How To Fish Plugs
With help from Tomic Plugs
That Campbell River is recognized worldwide as the “Salmon Capital of the World” is common knowledge. It’s neither an idle boast nor Chamber of Commerce hyperbole; it’s simply a fact. Just as it’s a fact that some other West Coast destinations enjoy periods of plenty while migratory runs pass through their respective areas, and a few have admittedly larger fish on average. Nevertheless, none can match the easily accessible, year-round salmon fishing available at Campbell River, nor come remotely close when considering the historical significance this vibrant, cosmopolitan city has played in the field of recreational fishing.
Tomic plugs are made with strong and light-weight plastic and are hollow—with exception of the Wee Tad. Hollow plugs cannot become waterlogged and all the lures are airbrushed by hand with lacquers that makes them very durable with extensive use.
The proper plug action is side to side. Not rolling over. You do not need a swivel, one could tie your main line to the plug. My preference is to use a leader of fluorocarbon about six feet long with a bead chain, then the main line.
When tying on your plug to the fluorocarbon line it’s very important to place the knot as far back and centre on the tow bar as possible. A trick is to have a second knot in place below the knot to the line you’re using (it’s just a knot that’s trimmed off).
This knot below acts like a bumper to help keep the line as high up on the tow bar as possible. Just leave the bumper knot in place between uses. Having the knot high will give the plug the correct side to side swimming action.
If your plug has a ring and you like to tie to the tow bar, the ring can dangle below your line. Some fishermen say the dangling ring makes a little attractive noise. Or tie to the ring.
Some anglers like to add a second hook to the plug, double up a strong flexible line and knot it to the desired length.Loop line through the trailing hook and then through the pin. Ensure that the leading hook is on the split ring and placed ahead of the trailing hook line as this will help in any tangling problems. For a faster troll, lengthen the line so the hook hangs at the back of the tail; for a slower troll shorten the line, as the hook will fall away from the plug.
As noted, keeping the knot high is very important to the action of the plug; another method is the elastic band and or bead chain technique. Wrap an elastic band around the plug to the tail side of the tow bar, a bead chain on your leader before the lure. Put the bead chain under the elastic band. You can now vary how much pull the leader has by which beads the elastic band fits on; the farther back the leader is pulled, the more action the plug will have. Make sure the leader is centered. This technique is used for trolling at slower speeds (under two knots).
Tuning your plug in the water is so important. Don’t just throw your plug in the water and off you go. Look at your plug in the water by the side of the boat and make sure the action is an even side-to-side motion. If the plug keeps tracking to one side, push the knot in the direction you want the plug to track.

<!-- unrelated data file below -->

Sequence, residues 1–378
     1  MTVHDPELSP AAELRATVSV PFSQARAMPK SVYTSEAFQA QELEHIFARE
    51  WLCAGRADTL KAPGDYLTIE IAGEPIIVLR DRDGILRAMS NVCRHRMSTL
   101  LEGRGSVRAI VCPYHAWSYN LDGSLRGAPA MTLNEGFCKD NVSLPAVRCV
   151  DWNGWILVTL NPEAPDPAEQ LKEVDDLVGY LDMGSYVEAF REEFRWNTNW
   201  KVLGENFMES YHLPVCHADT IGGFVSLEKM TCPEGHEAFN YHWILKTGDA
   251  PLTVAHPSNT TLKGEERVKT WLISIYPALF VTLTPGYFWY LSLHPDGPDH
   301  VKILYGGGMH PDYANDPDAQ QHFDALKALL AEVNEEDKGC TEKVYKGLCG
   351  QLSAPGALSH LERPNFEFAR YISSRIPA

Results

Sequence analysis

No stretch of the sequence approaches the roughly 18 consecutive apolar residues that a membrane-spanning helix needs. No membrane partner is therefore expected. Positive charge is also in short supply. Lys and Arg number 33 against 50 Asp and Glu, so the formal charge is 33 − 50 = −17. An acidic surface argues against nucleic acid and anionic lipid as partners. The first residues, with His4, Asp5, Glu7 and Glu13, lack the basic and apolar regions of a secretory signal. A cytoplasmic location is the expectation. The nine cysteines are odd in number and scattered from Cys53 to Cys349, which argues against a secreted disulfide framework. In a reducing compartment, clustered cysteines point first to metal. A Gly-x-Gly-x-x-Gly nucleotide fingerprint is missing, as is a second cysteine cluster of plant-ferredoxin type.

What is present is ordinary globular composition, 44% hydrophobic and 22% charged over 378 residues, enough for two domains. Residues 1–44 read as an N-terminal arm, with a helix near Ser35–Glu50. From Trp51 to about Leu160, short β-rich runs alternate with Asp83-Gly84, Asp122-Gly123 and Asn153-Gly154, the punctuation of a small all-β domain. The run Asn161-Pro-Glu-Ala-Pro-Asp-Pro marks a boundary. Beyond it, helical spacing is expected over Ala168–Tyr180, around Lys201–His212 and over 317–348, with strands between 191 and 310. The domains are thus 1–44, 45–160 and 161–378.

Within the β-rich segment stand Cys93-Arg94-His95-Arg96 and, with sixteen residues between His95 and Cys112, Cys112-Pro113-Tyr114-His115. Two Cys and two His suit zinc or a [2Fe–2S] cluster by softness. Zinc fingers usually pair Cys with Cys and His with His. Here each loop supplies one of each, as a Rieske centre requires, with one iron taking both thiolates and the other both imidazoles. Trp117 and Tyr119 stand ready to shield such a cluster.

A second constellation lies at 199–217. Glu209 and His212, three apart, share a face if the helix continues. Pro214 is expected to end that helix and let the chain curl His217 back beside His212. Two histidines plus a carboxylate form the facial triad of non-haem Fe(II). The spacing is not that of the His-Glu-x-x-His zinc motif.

Some fishermen modify their plugs by removing the tow bar, then thread the leader through the resulting hole to the hook instead;the advantage is if the fish breaks you off, the plug will float up and you will get it back. Also, when the fish hooked the plug floats up the line so the fish is not tossing the plug around using it for leverage to help pull the hook. The action of the plug is now different; there’s more action and control with using the tow bar.
The speed is important to success because you don’t want the plug to roll; if it does, it’s going too fast. It’s generally believed that plugs are best trolled faster than you might when bait fishing; somewhere between 2.5 and 5.6 mph seems to work well. This is true of spoons as well.
Note the angle of your rigger line when you get a strike so you can repeat the same speed for future success.
With a fast lure, I believe the fish is more likely to act on instinct and strike (as salmon swim really fast), but if the lure is ambling by, the fish won’t have the urgency to catch it. If you are trolling fast and your plug is rolling over, you can change the hook to a bigger one, and that will act like a keel to allow the faster-trolling speed.
Plugs are not fished with flashers! One can use a dummy flasher off the cannon ball as this will give you the attraction power of the flasher.
What is important is the length of leader to allow for more plug action. Long leaders are like 25 to 60 feet from your downrigger clip. When I am fishing two rods I vary the distance behind the boat as well; and when I am checking the plug, I break my plug loose from the clip first and let it float to the top, as it will retain its action as it floats to the top, then I bring up my cannon ball. I have had more than one strike as the plug is floating on the surface.
- Larry E. Stefanyk
- August 12, 2017
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